Just when you didn’t think flying could get any worse, it very well may.
It is possible in the near future your electronic life is going to be more difficult when you fly the not so friendly skies. The Department of Homeland Security announced that they are thinking about expanding the electronics ban to more than 371 airports. The idea is to extend the ban to Europe, Africa, and maybe some domestic airports. So far no other country has an electronic ban, however Britain is talking about one.
Homeland Security secretary John Kelly told a House of Representatives panel that they are looking at an additional 71 airports. CNBC reported that Kelly will be attending a conference next week in Malta “to present what we think are the minimum increased security standards … and present those to people to say if you meet these standards we will not ban large electronics.” Homeland security refused to say which were the 71 airports under consideration.
So what will happen if the airports do not cooperate with the US? They will be put on an “affected airports” list.
The question came up about what happens if you are flying through or to an affected airport? That means you must check your laptop, your tablet, and any electronic device larger than a cell phone.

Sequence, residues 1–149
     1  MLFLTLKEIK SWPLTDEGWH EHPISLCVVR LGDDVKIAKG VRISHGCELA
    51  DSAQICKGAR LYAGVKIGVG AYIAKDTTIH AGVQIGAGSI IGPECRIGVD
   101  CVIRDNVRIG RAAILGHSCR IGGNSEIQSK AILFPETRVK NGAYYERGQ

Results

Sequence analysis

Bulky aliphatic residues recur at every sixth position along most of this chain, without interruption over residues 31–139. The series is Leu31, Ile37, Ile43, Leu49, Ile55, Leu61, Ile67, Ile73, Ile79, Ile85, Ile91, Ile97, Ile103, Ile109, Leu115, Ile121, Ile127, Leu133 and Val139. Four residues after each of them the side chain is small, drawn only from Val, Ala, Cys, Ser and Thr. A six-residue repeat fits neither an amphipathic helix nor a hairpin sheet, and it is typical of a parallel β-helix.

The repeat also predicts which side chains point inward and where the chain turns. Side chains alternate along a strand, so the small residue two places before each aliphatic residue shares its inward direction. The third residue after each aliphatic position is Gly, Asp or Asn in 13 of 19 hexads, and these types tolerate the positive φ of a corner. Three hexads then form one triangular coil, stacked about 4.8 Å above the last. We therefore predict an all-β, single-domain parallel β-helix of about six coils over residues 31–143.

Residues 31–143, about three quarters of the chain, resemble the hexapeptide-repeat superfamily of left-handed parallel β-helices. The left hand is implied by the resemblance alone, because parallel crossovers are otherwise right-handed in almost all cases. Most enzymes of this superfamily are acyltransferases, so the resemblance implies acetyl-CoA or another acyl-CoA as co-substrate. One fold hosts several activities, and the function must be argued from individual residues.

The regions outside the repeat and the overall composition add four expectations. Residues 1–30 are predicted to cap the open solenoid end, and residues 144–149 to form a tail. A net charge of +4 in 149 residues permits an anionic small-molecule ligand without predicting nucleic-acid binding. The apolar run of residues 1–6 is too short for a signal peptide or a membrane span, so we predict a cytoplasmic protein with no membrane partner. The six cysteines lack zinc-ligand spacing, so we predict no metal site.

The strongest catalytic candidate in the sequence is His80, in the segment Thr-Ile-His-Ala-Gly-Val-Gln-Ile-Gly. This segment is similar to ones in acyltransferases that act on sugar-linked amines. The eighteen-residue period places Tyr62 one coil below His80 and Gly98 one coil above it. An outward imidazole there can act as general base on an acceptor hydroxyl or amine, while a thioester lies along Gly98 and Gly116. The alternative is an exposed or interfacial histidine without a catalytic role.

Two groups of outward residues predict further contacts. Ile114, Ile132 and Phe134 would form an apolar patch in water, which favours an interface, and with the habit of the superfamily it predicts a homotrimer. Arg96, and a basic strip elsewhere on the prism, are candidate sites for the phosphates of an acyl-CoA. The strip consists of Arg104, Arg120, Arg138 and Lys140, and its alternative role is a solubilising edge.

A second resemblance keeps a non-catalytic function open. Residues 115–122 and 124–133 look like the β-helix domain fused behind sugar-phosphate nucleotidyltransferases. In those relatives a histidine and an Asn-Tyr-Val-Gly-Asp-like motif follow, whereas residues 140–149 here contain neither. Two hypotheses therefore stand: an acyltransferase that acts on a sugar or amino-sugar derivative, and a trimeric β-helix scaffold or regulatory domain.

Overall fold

I don’t know about you, but I do not like the idea of checking my laptop. If the baggage people steal perfume, clothing, and whatever else, the laptops will be like going to a fire sale for them.
Homeland Security recommends wrapping your bag in plastic so you know if someone went into it. Homeland Security also says they will not be taking data off of any of the checked units. The bigger issue is the batteries in checked laptops. What happens if laptops are broken? Who pays? I can vision my poor Acer with a cracked screen.
Homeland Security says that it could implement a domestic electronic ban if there are threats. Additionally, to enhance your flying pleasure, the TSA has begun to insist that people take stuff out of their checked baggage. Apparently it is too hard to see what is inside when the bags are stuffed full. This side diversion is currently being tested in 10 domestic airports and most likely could expand to all of them.